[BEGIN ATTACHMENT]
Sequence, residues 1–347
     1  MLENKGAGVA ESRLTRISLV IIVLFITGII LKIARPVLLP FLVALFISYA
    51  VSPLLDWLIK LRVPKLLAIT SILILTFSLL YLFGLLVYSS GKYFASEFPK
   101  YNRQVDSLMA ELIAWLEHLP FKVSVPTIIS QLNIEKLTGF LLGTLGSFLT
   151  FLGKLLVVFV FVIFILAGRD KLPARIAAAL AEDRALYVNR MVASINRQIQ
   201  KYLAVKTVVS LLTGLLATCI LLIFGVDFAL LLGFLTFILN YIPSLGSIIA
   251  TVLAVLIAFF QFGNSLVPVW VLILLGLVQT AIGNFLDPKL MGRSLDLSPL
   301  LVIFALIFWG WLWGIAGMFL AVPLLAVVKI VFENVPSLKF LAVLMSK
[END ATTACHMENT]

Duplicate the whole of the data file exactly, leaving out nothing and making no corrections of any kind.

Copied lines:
Sequence, residues 1–347
     1  MLENKGAGVA ESRLTRISLV IIVLFITGII LKIARPVLLP FLVALFISYA
    51  VSPLLDWLIK LRVPKLLAIT SILILTFSLL YLFGLLVYSS GKYFASEFPK
   101  YNRQVDSLMA ELIAWLEHLP FKVSVPTIIS QLNIEKLTGF LLGTLGSFLT
   151  FLGKLLVVFV FVIFILAGRD KLPARIAAAL AEDRALYVNR MVASINRQIQ
   201  KYLAVKTVVS LLTGLLATCI LLIFGVDFAL LLGFLTFILN YIPSLGSIIA
   251  TVLAVLIAFF QFGNSLVPVW VLILLGLVQT AIGNFLDPKL MGRSLDLSPL
   301  LVIFALIFWG WLWGIAGMFL AVPLLAVVKI VFENVPSLKF LAVLMSK